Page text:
The 37-inch LG ($599 MSRP) is unlikely to wow you with its faux-wood paneling, but it's a 1080p LCD with great picture quality and an even better price. Like all TVs, it has its weaknesses, but you're unlikely to find a display with better color fidelity at a price this low.
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LG's aesthetic theme for this year seems to be "bringing sepia back." Which is inexplicable, since we're of the opinion that sepia should be reserved for mollusks and 18th century artists. This model in particular has a strip of faux wood-panel at the base of its screen. That's a look we thought went out with cathode-ray tubes. Yet, here we are in 2011, and a factory somewhere is still expending fuel to stamp faux-wood paneling onto brand-new LCD displays.
The stand is weird and angular, but it swivels about 35˚ in either direction, so we can't fault it too terribly. We can only guess that it, and all other aesthetic aspects of this TV, were intended ironically and that LG is marketing the for hipsters.
Boy, it would be tiresome for us to note, again, that the fancy, touch-sensitive controls are located just millimeters above a faux-wood panel. Yet there they are. So if you reach for them, you'll be leaving fingerprints right above the vague semblance of wood.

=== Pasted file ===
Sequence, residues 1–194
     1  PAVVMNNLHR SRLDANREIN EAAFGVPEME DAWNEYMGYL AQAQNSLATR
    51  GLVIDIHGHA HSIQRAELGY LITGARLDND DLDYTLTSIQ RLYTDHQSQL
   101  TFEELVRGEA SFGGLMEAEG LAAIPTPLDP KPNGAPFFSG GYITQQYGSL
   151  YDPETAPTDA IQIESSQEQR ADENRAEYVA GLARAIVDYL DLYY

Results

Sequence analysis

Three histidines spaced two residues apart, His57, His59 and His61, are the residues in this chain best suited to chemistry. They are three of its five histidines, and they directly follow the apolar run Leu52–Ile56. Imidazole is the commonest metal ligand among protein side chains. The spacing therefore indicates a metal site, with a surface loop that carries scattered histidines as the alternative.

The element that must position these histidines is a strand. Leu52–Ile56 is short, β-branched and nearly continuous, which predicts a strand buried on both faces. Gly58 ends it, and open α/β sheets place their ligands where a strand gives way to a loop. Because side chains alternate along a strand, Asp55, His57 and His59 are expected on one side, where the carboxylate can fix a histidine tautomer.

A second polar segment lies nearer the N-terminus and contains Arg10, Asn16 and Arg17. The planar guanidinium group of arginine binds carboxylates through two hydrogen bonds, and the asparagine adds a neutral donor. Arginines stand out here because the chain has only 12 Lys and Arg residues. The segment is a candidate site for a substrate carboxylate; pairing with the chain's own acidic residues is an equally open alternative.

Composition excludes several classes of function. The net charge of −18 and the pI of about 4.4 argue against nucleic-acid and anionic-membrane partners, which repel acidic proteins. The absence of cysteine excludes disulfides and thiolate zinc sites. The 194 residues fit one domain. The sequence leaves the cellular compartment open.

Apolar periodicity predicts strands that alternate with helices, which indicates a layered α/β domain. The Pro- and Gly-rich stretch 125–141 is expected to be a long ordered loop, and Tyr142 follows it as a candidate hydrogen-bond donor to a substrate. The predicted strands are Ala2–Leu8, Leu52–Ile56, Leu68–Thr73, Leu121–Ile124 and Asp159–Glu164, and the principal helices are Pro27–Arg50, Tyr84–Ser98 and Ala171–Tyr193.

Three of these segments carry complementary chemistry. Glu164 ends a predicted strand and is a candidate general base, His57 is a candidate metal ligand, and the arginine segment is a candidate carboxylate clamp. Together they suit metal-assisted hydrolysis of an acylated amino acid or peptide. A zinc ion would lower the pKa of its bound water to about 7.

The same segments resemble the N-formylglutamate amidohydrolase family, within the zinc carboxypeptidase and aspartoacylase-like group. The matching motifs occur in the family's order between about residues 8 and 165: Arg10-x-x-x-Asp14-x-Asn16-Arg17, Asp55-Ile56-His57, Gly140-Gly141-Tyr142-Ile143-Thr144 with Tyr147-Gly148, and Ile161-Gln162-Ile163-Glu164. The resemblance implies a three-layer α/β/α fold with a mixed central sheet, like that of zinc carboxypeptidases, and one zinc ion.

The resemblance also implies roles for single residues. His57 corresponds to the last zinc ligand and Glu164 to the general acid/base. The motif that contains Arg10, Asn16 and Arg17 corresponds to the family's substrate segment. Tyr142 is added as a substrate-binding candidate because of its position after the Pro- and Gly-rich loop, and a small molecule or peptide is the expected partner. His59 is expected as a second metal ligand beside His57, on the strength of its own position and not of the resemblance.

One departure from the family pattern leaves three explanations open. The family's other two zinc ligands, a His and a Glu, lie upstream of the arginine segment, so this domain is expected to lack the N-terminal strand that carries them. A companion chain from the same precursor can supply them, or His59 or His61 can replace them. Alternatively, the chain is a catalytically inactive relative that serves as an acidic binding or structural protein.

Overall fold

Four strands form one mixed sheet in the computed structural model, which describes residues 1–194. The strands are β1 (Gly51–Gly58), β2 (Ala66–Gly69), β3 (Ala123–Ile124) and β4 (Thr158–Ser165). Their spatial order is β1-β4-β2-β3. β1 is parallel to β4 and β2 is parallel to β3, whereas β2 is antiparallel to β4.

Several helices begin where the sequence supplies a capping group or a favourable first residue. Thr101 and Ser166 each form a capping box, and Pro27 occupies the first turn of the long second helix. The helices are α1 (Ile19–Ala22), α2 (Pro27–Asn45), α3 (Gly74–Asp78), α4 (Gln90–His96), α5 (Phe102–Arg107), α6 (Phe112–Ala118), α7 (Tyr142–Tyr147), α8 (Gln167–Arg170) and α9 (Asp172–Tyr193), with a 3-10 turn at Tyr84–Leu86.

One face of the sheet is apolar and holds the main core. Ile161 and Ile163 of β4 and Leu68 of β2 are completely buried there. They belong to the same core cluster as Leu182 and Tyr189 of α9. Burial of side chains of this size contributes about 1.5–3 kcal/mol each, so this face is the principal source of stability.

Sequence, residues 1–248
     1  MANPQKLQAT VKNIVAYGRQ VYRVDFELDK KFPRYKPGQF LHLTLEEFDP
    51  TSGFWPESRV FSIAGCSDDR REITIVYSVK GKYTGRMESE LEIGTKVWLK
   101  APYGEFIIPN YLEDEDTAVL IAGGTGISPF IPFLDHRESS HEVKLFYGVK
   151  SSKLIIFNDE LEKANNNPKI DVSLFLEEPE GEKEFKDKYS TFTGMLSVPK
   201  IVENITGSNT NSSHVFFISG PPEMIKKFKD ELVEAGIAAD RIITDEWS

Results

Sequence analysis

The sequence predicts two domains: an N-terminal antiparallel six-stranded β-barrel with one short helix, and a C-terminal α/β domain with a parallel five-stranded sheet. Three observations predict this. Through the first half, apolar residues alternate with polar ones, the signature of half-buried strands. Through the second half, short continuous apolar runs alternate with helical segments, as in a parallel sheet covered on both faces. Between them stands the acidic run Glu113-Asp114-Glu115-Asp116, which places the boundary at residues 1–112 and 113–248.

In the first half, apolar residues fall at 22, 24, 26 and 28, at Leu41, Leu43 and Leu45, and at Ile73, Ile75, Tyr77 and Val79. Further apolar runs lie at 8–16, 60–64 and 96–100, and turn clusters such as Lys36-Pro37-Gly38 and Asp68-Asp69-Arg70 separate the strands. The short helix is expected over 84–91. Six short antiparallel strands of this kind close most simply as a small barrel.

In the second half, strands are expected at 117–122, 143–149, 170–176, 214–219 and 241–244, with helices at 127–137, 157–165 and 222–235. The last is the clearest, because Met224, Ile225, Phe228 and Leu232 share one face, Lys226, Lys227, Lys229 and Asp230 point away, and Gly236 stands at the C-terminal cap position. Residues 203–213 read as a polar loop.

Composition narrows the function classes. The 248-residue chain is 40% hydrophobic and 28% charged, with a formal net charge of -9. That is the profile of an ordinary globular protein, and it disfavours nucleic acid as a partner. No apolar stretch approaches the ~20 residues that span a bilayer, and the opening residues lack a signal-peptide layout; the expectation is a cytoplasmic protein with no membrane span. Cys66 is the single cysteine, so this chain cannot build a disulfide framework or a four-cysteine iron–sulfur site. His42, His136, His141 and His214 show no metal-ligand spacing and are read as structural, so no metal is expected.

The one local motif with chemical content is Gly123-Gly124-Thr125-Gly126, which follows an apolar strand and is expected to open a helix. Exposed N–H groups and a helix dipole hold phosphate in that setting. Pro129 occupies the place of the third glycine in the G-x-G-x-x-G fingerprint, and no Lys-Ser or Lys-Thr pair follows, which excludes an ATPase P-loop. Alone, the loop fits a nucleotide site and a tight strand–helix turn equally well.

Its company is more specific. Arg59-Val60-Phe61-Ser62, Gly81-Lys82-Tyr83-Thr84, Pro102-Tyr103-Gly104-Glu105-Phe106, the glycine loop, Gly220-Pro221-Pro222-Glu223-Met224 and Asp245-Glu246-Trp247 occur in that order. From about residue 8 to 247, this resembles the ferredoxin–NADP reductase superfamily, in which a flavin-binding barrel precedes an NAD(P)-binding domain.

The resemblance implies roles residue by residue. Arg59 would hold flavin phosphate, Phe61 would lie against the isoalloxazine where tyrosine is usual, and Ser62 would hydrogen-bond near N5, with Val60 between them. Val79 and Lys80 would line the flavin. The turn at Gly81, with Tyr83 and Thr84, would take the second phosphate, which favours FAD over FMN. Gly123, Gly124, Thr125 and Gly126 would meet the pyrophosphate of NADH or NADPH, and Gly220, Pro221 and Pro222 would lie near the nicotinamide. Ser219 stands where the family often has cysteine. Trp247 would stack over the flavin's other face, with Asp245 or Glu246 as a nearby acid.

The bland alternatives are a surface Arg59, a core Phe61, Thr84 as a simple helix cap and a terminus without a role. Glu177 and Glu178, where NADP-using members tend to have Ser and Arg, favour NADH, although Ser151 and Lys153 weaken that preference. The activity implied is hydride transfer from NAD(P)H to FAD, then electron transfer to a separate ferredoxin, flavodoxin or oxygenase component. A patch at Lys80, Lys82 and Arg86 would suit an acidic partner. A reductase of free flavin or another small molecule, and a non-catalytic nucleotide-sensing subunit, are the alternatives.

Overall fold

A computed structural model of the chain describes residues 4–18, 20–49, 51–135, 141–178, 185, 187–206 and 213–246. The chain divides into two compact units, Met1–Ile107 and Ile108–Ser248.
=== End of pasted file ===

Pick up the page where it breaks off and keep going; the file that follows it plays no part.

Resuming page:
We love the remote on this and other LG televisions released this year. It has a great feel in the hand. All the buttons are just about where you'd expect, and the rubbery D-pad produces a satisfying click. A groove on the remote's underside and a ridge up top instantly guided our fingers to the volume and channel rockers. While the remote isn't universal, it can be used to control HDMI-CEC devices attached to the .
The was relatively easy to set up. In addition to the eight included screws, there was a remote, AAA batteries, cleaning cloth, manual on CD, and a piece of plastic to cover the stand hole in the case of wall-mounting. There's also another screw included for bolting the stand down through the hole behind its stem.
p. The 's black level was not great. Our eyes are very good at detecting small differences in dim blacks, but not very good at noticing differences between bright whites. Generally, any black that measures above 0.20 cd/m 2 will look a little brighter than it should.
The was great at producing bright whites, in contrast (this time literal) with its black level. The 368.15 cd/m2 it produced should be plenty bright, even in sunny rooms. Take care not to put lamps right in front of it, however, since its screen is quite reflective. More on how we test peak brightness.
Unfortunately, despite having a great white level, the suffered from a black level that was so poor that its overall contrast is lackluster. We've included a chart of comparison TVs below, so you can see how much better the other LG model and especially the Sony do in this area. However, you could certainly do worse, as the Panasonic Viera demonstrates. More on how we test contrast.